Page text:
First play for Cody Wallace: good. Second play: bad. More or less the summary of his first career start. All things considered, I take more positives away from it than negatives.
LaMarr Woodley made his first career start on the right side in this game, and although he didn’t stay there the entire game, he did take the majority of his snaps on that side. He got pressure on Ryan Tannehill on third down, which allowed Cameron Heyward to get home for the sack.
Nice blocking by Wallace, Mike Adams, and Will Johnson on second and six on the Steelers’ next drive. Opened up a nice crease for Le’Veon Bell to work through for nine yards.
Johnson saved Wallace on the next play. Paul Soliai swam past him off the snap, but Johnson picked up the nose tackle and allowed Bell to get around the edge.
Later on the drive, the Steelers were facing a third and one and brought in Jonathan Dwyer to get the yardage. He got an assist from Wallace, who grabbed on to his jersey and helped pull him forward for six yards.
David DeCastro had his right foot slightly rolled up on toward the end of that drive. He missed practice time this week with a foot injury.
There really was some good blocking on that first touchdown drive. I was particularly interested in the amount of work Matt Spaeth got on that drive, which seemed to be the majority of his snaps in the game. He showed well in his first game of the season, not just from a performance standpoint, but from an energy level. The Steelers could have used him this year.
Ben Roethlisberger looked accurate early on. His touchdown pass to Emmanuel Sanders—the record breaker—was a nice one.
On third and three, Heyward and Jason Worilds were unable to contain Tannehill in the pocket.
On the next play, he took a read-option all the way down to the 15.
Ever since being moved to the left side, Worilds has seen an astronomical growth in his play against the run. Two plays after the long Tannehill scramble, he fought off a cut block to make a shoe-string tackle after a one-yard gain.
On third down, Jarvis Jones beat Bryant McKinnie to get a hit on Tannehill.
I know there was some question during the broadcast about Heyward’s tackle on that play, more specifically as to whether or not it took place inbounds. The coaches film reveals that it was clearly inbounds.
Pretty decent form on the body slam as well.
Tough break for the Steelers on the ensuing drive, as both Antonio Brown and Heath Miller failed to come up with some catchable passes, resulting in a three-and-out. As Mike Tomlin said, the Steelers did a lot to stop themselves this week on offense. They had the plays to beat the defense.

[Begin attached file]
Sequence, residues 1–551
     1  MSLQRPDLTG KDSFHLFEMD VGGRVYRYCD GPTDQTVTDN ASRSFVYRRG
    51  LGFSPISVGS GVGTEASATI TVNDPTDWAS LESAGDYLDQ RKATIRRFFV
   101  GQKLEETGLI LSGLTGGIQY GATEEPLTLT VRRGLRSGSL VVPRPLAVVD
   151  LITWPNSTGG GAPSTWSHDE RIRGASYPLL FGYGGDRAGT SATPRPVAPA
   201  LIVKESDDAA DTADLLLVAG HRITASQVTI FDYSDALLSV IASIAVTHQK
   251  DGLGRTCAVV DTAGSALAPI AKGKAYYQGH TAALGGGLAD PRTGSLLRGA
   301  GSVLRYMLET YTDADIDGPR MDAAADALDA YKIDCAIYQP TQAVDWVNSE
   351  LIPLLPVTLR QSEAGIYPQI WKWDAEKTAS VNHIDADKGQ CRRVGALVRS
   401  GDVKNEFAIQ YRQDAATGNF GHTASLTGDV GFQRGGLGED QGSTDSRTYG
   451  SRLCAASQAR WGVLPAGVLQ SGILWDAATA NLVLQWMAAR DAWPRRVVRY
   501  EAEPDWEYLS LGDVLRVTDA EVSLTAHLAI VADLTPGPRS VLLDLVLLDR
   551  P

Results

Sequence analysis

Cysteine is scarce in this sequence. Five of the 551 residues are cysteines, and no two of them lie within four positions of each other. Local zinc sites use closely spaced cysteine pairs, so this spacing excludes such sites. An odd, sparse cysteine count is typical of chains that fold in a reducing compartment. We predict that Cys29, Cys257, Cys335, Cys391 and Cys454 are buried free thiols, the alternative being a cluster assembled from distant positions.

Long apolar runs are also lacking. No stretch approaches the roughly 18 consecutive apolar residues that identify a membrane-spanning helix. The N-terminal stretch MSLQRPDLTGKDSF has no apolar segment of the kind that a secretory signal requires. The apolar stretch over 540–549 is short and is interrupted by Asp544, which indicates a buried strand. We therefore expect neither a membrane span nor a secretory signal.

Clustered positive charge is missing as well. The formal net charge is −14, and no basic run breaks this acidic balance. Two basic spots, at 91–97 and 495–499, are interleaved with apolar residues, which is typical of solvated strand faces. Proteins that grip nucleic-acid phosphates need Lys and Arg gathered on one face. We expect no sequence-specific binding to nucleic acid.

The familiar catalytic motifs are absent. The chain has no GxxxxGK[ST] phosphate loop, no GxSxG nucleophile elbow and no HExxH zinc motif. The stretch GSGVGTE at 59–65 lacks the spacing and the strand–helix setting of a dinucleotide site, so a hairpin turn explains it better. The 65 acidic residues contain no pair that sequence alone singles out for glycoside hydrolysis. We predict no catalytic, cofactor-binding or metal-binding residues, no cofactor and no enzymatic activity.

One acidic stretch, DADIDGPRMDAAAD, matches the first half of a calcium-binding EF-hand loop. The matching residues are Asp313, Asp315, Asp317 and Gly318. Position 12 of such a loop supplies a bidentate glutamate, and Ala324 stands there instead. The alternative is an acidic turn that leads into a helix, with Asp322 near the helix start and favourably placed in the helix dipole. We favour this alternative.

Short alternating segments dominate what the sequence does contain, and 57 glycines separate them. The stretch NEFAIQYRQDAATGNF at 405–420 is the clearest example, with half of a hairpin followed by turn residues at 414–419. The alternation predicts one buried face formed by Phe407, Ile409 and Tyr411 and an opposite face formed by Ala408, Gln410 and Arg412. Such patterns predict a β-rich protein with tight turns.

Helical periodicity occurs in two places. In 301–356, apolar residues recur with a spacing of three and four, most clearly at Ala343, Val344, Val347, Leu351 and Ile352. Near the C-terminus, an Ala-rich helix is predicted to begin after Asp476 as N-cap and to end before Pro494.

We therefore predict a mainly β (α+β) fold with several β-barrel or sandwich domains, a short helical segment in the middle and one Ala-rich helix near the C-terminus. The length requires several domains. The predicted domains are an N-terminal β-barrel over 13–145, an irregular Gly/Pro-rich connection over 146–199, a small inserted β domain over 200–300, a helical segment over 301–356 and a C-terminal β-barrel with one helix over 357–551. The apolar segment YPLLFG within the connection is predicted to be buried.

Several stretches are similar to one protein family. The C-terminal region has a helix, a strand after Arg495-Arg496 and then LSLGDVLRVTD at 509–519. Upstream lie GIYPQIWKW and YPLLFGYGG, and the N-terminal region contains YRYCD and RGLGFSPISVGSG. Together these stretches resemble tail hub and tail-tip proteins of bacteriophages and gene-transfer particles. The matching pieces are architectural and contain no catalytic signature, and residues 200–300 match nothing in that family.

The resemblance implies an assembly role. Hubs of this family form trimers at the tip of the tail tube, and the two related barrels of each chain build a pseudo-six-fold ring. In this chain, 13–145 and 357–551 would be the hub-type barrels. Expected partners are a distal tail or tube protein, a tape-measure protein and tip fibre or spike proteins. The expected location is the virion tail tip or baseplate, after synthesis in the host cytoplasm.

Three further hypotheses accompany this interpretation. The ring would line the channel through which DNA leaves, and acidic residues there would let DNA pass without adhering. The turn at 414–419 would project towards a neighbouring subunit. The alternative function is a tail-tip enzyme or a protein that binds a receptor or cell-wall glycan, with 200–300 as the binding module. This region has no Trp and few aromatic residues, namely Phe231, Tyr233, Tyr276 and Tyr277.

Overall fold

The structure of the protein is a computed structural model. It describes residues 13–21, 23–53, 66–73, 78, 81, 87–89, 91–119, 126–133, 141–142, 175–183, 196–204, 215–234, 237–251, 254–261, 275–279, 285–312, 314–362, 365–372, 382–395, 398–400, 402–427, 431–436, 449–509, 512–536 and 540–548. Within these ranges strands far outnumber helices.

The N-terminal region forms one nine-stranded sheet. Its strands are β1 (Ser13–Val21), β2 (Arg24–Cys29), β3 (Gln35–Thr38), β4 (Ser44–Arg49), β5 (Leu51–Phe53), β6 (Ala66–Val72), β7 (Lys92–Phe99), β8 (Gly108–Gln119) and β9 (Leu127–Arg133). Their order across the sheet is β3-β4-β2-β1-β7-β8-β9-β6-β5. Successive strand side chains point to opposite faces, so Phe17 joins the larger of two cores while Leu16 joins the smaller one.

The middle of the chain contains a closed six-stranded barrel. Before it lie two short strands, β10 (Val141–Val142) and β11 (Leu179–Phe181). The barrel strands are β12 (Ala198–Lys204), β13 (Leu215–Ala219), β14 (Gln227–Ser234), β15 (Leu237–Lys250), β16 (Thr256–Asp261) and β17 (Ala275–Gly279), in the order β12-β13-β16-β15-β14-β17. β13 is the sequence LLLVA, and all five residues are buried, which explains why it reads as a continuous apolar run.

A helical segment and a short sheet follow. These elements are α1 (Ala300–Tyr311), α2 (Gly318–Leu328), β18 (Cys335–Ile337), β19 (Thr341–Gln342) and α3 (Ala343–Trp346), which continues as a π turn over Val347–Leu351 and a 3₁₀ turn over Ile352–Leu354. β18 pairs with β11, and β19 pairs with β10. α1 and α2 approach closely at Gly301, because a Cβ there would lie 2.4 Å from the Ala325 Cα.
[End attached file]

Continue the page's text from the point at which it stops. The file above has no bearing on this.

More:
I really don’t think there’s any question at this point that Heyward has become the silent leader of the Steelers’ defensive line. He brings the energy that the rest of the line feeds off of.
Free ‘sack’ for Worilds. It was rightfully overturned yesterday.
On the next play, Woodley got the better of McKinnie and put a hit on the quarterback, forcing an incomplete pass.
Cameron Wake was just a little too much for Marcus Gilbert. His strip sack happened surprisingly quickly.
The Dolphins did a great job selling the run on the first touchdown to Charles Clay. Assuming Clay was run blocking, the Steelers shifted coverage to Mike Wallace, which allowed the tight end to get wide open without being picked up by anybody.
The deep shot to Antonio Brown on third and three on the Steelers’ ensuing drive was actually a really good look. Brown likely scores if the pass connects. It’s one of those instances where the play call seems stupid if it doesn’t work, but it’s genius if it does.
Lawrence Timmons got held on consecutive plays to set the Dolphins up with second and 26.
The fault for the blocked punt, in my estimation, goes to the long snapper, Greg Warren. The Dolphins overloaded the rush to his right, but instead, he helped to his left. Robert Golden was left to choose which of two rushers to block.
Good effort by William Gay to keep the receiver from getting the first down, forcing the Dolphins to try a long field goal. It at least gave the Steelers a stance to make something happen.
Ike Taylor probably should have kept to the left sideline after receiving the ball on the return attempt. It would have had a higher chance of scoring.